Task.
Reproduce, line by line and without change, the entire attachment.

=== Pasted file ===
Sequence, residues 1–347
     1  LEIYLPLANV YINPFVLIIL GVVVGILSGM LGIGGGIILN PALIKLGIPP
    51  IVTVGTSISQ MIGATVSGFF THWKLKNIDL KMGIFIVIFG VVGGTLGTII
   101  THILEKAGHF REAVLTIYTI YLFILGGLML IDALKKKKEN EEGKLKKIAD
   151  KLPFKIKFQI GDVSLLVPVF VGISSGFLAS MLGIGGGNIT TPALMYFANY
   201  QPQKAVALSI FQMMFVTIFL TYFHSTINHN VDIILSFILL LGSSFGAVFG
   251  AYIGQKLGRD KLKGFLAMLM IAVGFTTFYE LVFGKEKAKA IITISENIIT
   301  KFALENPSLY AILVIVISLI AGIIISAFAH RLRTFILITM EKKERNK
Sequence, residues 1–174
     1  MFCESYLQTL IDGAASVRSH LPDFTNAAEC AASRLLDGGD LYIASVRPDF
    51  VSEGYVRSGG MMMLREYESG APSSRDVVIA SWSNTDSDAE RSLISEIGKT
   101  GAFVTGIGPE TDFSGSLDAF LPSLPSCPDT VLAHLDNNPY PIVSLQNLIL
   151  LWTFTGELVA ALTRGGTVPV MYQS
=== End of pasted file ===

Sequence, residues 1–347
     1  LEIYLPLANV YINPFVLIIL GVVVGILSGM LGIGGGIILN PALIKLGIPP
    51  IVTVGTSISQ MIGATVSGFF THWKLKNIDL KMGIFIVIFG VVGGTLGTII
   101  THILEKAGHF REAVLTIYTI YLFILGGLML IDALKKKKEN EEGKLKKIAD
   151  KLPFKIKFQI GDVSLLVPVF VGISSGFLAS MLGIGGGNIT TPALMYFANY
   201  QPQKAVALSI FQMMFVTIFL TYFHSTINHN VDIILSFILL LGSSFGAVFG
   251  AYIGQKLGRD KLKGFLAMLM IAVGFTTFYE LVFGKEKAKA IITISENIIT
   301  KFALENPSLY AILVIVISLI AGIIISAFAH RLRTFILITM EKKERNK
Sequence, residues 1–174
     1  MFCESYLQTL IDGAASVRSH LPDFTNAAEC AASRLLDGGD LYIASVRPDF
    51  VSEGYVRSGG MMMLREYESG APSSRDVVIA SWSNTDSDAE RSLISEIGKT
   101  GAFVTGIGPE TDFSGSLDAF LPSLPSCPDT VLAHLDNNPY PIVSLQNLIL
   151  LWTFTGELVA ALTRGGTVPV MYQS